Province adds four measures to protect renters

by Morinville News Staff

The Government of Alberta announced four new measures to protect Alberta’s residential renters during the COVID-19 pandemic.

The new protections are as follows:

Effective immediately, tenants cannot be evicted for non-payment of rent and/or utilities before May 1.

Effective immediately, rents will not increase while Alberta’s state of public health emergency remains in effect.

Effective April 1, late fees cannot be applied to late rent payments for the next three months.

Effective April 1, landlords and tenants need to work together to develop payment plans while the state of public health emergency is in effect.

“We want to be clear: As of today, no one will be facing immediate eviction from their home for non-payment of rent or utilities owed to the landlord,” Premier Jason Kenney said Friday. “Additionally, tenants will not face increasing financial pressure from rent increases or fees for late rent payments. We are expecting landlords and tenants to work together to figure out payment plans that help everyone meet financial obligations as we manage COVID-19, and we are doing further policy work on support for renters during these tough times.”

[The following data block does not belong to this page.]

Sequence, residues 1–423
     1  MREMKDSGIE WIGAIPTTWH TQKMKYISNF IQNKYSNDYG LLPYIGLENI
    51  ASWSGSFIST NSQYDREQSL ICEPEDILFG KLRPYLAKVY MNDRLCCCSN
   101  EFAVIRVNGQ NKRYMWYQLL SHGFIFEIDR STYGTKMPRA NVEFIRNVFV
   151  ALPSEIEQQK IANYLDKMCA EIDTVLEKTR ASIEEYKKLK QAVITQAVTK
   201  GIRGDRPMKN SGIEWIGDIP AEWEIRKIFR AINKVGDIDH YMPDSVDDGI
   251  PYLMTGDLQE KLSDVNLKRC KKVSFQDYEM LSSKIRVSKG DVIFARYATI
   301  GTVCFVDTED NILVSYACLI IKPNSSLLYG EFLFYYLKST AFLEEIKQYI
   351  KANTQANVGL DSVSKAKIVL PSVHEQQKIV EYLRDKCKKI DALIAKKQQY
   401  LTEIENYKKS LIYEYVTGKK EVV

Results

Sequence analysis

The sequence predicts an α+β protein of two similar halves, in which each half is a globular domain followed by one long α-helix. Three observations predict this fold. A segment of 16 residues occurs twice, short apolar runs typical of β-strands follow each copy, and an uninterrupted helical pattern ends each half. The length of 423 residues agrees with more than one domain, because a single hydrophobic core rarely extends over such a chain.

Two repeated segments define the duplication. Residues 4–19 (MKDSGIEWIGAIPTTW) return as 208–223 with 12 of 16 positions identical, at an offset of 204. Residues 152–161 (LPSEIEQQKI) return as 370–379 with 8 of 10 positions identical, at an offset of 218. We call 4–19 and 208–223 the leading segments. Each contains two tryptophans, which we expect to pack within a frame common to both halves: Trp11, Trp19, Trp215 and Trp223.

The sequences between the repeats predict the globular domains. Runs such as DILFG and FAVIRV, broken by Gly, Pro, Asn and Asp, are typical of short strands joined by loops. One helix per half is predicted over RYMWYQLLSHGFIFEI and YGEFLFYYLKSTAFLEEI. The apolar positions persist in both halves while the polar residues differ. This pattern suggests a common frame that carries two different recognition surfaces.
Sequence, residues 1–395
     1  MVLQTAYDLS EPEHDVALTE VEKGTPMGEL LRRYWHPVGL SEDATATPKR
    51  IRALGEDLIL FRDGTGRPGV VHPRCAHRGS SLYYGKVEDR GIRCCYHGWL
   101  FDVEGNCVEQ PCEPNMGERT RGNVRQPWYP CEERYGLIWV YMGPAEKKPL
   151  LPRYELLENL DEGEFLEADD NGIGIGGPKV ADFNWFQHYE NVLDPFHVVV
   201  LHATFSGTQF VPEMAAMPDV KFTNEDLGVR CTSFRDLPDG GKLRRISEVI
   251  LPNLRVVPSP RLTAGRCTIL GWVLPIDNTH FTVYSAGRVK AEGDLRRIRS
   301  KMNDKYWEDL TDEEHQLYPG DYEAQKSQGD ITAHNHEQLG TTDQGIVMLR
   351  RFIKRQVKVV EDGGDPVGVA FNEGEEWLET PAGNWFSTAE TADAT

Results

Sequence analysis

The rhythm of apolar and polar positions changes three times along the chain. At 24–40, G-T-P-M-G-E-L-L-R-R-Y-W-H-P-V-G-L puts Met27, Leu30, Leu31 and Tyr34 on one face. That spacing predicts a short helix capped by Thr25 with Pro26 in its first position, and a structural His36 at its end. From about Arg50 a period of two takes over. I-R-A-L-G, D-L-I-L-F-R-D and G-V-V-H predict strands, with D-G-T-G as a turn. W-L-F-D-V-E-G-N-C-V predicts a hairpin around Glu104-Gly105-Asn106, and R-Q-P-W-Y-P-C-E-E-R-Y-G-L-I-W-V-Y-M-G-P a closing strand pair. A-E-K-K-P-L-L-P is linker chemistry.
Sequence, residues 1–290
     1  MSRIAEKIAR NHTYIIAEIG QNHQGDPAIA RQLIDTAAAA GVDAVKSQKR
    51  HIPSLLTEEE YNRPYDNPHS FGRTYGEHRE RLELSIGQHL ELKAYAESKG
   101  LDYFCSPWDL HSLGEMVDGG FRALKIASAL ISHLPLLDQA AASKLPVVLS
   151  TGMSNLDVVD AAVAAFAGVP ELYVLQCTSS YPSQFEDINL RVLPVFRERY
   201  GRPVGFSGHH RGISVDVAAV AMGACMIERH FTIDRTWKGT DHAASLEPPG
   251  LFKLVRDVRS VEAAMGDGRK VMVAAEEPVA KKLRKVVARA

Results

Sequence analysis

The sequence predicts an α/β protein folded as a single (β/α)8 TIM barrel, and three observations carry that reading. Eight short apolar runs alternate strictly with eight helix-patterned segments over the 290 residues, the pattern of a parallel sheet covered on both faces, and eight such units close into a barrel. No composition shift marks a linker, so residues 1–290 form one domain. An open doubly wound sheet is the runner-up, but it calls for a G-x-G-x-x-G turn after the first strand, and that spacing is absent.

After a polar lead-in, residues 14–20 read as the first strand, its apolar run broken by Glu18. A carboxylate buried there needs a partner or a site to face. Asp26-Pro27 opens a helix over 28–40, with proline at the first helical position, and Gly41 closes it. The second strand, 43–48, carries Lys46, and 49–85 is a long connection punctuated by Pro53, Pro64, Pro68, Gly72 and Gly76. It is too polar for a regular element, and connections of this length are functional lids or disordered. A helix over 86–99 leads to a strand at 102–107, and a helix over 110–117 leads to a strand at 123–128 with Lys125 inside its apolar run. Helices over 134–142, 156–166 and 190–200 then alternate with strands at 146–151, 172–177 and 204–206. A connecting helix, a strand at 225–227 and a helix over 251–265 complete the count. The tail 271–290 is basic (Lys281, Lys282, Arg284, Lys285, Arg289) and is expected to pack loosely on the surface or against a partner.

Minister of Service Alberta Nate Glubish said the government has been listening to the financial concerns of landlords and tenants and that Friday’s measures will protect Albertans and give them time to get back on their feet.

“This is more practical relief from the immediate financial pressures on Albertans – on top of emergency isolation supports, deferrals of utility bill and student loan payments, an education property tax freeze, and ATB Financial mortgage deferrals,” Glubish said.

The freeze on rental increases are frozen until the state of public health emergency has been lifted. During that time, landlords cannot raise the rent on residential properties or mobile home sites, even if notice of an increase has already been given.

Landlords cannot penalize tenants who are late on rent by charging late fees, even if the signed rental agreement states that a late fee can be applied. Landlords will also not be able to retroactively collect late fees for this period.

Alberta’s NDP Opposition responded that the Premier finally caved after more than a week of pressure.

“I am relieved the Premier has realized what a terrible mistake he was making,” said Heather Sweet, NDP House Leader. “Albertans were aghast at the Premier’s earlier claims that Alberta families facing eviction in only a few days were criminals. It is good news for our province that he is finally listening to the advice of public health officials and making sure that renters still have a home to stay in.”

The NDP says Alberta is the last of 10 Canadian provinces to announce a ban or delay on rental evictions and that dozens of American states and cities had also brought in similar policies.

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